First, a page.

Taxpayer’s Lack of Credibility Sinks Appeal
This is a case about a taxpayer lacking credibility and the Tax Court Judge not accepting his evidence as a result.
A real estate agent / developer disposed of three homes and a plot of vacant land without reporting any of the transactions on his tax returns. The Minister reassessed the Appellant on the basis that the sales home sales yielded business income and imposed gross negligence penalties. The Court agreed with the reassessments and penalties. This case is a reminder that not being entirely truthful when testifying will destroy your chances of success in Court.
Mr. Wall was a lifelong real estate agent and had significant experience developing real estate, both on his own and in conjunction with others. Historically, the Appellant reported very little income for tax purposes from either business activity, including in the taxation years under appeal.
In 2006, 2008 and 2010, the Appellant sold four properties (3 homes and a parcel of land) in B.C. for aggregate sale proceeds of $5,784,000.00. He bought old homes, demolished them and built new homes to be sold. He did not report any income or gains from these sales in his 2006, 2008 and 2010 taxation years, and did not collect, remit or report any GST/HST on the sales. His argument was that each home was his principal residence.
Except for the vacant lot, the properties disposed of by the Appellant were each held for less than 2 years.
The Minister reassessed his 2006, 2008 and 2010 taxation years to include $810,693, $772,403 and $651,323, respectively, of unreported net business income in respect of the subject sales. The Minister also assessed gross negligence penalties in respect of this unreported income.
The main issue was whether Mr. Wall sold the homes on account of income or on account of capital. A secondary issue was whether the Minister properly assessed gross negligence penalties pursuant to subsection 163(2) of the Income Tax Act.
Decision & Analysis
The Appellant’s position was that he purchased and developed each of the homes with the intention of living in each one as his principal residence, which he argued he did, but that changes in his circumstances forced him to sell each of the homes after he had lived in each of them for a period of time. Because his intention was to live in the homes, his argument was that he purchased each home on account of capital and that he qualified for the principal residence exemption.
The Crown argued that the evidence clearly indicated the Appellant’s intention was to purchase the properties, tear down the houses, rebuild the houses, and then sell the properties for profit.
The legal test required the Court to consider the nature of the property sold, the length of period of ownership, the frequency or number of other similar transactions by the taxpayer, work expended on the property, the circumstances that were responsible for the sale of the property and the Appellant’s motive.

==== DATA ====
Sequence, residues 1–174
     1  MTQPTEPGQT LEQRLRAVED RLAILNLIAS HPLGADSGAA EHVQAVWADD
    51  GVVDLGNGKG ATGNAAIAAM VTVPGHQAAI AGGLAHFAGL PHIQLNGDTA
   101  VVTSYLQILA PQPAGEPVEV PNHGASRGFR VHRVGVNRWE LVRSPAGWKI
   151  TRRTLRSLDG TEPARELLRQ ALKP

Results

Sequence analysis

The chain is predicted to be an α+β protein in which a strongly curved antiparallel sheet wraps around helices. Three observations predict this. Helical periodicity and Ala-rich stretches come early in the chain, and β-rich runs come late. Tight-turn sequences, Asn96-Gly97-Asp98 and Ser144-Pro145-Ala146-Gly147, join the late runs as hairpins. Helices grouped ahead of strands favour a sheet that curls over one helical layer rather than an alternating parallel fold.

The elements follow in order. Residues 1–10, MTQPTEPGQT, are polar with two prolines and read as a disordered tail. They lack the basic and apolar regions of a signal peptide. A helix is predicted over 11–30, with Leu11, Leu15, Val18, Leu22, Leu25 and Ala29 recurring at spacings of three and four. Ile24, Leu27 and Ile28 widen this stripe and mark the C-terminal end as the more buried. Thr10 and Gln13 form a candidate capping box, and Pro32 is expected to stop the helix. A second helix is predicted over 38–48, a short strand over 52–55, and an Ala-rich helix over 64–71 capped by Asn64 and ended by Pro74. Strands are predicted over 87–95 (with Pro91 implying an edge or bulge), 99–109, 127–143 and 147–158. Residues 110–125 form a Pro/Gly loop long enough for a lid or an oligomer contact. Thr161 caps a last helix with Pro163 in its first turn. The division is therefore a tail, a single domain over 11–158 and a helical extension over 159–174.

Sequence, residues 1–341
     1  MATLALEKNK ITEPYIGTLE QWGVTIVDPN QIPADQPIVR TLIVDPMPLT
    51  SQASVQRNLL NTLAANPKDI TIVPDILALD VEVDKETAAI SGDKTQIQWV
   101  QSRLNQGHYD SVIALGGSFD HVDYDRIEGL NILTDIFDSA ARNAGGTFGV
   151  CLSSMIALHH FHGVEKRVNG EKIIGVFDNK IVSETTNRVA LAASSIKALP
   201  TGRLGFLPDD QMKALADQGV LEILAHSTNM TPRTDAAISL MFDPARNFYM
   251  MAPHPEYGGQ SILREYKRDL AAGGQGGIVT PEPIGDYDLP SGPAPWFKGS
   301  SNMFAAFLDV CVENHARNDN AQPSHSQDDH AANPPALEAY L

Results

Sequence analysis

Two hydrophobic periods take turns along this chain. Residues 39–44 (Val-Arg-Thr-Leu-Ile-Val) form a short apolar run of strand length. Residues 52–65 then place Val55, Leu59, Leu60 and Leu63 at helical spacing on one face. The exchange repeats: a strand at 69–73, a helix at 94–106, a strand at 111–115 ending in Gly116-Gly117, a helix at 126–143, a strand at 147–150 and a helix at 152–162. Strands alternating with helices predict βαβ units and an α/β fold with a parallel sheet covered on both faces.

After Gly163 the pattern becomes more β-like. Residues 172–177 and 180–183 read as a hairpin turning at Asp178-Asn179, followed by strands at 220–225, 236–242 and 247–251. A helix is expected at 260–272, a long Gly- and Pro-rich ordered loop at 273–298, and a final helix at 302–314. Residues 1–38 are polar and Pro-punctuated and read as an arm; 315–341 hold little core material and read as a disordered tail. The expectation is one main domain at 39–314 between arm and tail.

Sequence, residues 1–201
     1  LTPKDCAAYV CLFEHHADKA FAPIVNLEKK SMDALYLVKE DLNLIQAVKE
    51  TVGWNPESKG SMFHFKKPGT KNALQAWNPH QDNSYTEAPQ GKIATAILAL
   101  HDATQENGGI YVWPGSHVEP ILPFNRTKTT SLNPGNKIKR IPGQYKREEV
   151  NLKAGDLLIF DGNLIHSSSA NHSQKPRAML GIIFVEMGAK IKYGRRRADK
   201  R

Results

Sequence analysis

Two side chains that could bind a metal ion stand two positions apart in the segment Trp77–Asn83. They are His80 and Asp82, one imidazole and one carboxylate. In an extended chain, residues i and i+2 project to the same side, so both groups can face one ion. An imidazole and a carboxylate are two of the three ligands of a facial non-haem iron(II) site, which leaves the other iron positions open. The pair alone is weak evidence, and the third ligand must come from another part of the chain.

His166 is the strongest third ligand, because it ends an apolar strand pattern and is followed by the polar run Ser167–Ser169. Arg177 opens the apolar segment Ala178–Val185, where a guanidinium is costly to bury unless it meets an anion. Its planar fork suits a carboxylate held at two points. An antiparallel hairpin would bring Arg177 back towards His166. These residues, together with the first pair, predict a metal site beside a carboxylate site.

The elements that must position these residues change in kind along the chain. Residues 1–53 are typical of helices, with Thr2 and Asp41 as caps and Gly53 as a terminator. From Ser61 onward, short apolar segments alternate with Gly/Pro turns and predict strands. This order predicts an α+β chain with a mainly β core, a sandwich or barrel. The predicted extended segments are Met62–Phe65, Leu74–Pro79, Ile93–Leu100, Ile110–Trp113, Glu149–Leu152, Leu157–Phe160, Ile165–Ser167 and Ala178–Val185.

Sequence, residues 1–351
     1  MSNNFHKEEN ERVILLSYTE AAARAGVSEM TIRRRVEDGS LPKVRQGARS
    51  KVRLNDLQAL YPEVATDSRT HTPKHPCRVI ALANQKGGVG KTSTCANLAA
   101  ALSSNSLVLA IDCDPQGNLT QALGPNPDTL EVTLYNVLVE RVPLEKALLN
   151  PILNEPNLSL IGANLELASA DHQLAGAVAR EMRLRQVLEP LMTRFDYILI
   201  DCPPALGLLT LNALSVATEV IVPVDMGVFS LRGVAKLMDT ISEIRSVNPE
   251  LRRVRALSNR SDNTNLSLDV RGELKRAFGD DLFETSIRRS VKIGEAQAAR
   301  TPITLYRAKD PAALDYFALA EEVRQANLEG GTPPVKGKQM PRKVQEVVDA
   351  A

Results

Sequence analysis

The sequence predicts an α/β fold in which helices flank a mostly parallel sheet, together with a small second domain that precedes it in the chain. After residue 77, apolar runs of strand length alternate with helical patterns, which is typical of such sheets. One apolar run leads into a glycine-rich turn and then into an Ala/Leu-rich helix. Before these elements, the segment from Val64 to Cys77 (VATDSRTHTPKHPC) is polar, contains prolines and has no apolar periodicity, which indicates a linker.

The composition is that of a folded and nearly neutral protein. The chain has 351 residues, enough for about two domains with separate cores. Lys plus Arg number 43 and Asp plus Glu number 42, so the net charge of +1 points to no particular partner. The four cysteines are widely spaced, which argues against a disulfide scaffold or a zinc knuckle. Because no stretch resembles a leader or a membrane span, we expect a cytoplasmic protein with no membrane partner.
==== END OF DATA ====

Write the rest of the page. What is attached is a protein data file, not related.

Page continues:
The Appellant was considered by the Court to be a sophisticated property developer who had the skills to quickly develop and sell properties for significant returns. In the Court’s view, the Appellant was in the business of developing properties and he developed the homes as part of this business. The Court also found the Minister had properly assessed gross negligence penalties. The Appellant’s conduct was found to be consistent with both willful blindness and the general definition of gross negligence. Furthermore, the sheer size of the Appellant’s unreported profits from his development business in comparison to his reported income favoured the imposition of penalties.
The critical aspect of this decision was the Court’s view that the Appellant lacked credibility. He was reporting about $20,000 a year in income for over 20 years, and yet was involved in many real estate development activities. Furthermore, he was advising mortgagees that his annual income was approximately $200,000/year at the time he was allegedly earning approximately $20,000/year. He did not report the property sales on his tax returns, despite understanding how real estate transactions work for tax purposes. At some points during the years at issue, the Appellant paid mortgage interest that exceeded his reported annual income fourfold without explanation. The mailing addresses were inconsistent with where the Appellant allegedly lived during the material times. In fact, the Court found that only gas bills and an insurance form were sent to the homes in question. The Court found that the Appellant likely did not live in any of the three homes.
The Appellant called three witnesses, and the Court found the testimony of all three to lack credibility. Each witness who testified on behalf of the Appellant was dismissed for providing selective, vague, incomplete or self-serving evidence.
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